I don’t know about you but I have kept my hand written recipes in all sorts of different books over the years. You can buy lovely tins now with recipe cards that you write on which always catch my eye, but I just don’t find them big enough or as many in the tins as I would like. I finally found a solution! I was watching a lovely American lady on youtube a little while ago who was sharing a recipe and she went on to show her audience how she stores her recipes in a wooden box on index cards. And I thought what a great idea and they are so cheap, here in Australia you can buy a packet of 100 for about $10.

These are how I store mine in a basket with some old recipe books holding them up for now. You could use any sort of container. And if you are really efficient, number them so you can go straight to whatever recipe you want (I haven’t done that yet) but it makes a lot of sense.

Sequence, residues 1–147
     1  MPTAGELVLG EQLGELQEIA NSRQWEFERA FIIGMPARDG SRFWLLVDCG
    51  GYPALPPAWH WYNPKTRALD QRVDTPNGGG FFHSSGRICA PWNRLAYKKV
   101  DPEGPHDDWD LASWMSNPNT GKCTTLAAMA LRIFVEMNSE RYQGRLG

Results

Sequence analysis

Looking down into part of my orchard

I hope you all have a beautiful and safe weekend. Feel free to leave a comment, or share how you like to keep your treasured recipes.


This is the time of year I like to slow down on the growing and try and put back some goodness into the soil. This I find challenging, because I’m always feeling the need to grow as much as I can for as long as I can. But I know that the benefits will be there as the weather cools and the vege garden is at it’s most productive time.

Here in this part of Australia, we can grow almost year round, the heat from December through to March can be at it’s hottest though. So in countries where they put their garden to bed over the Winter, I almost feel like this should be a time for us to do the same.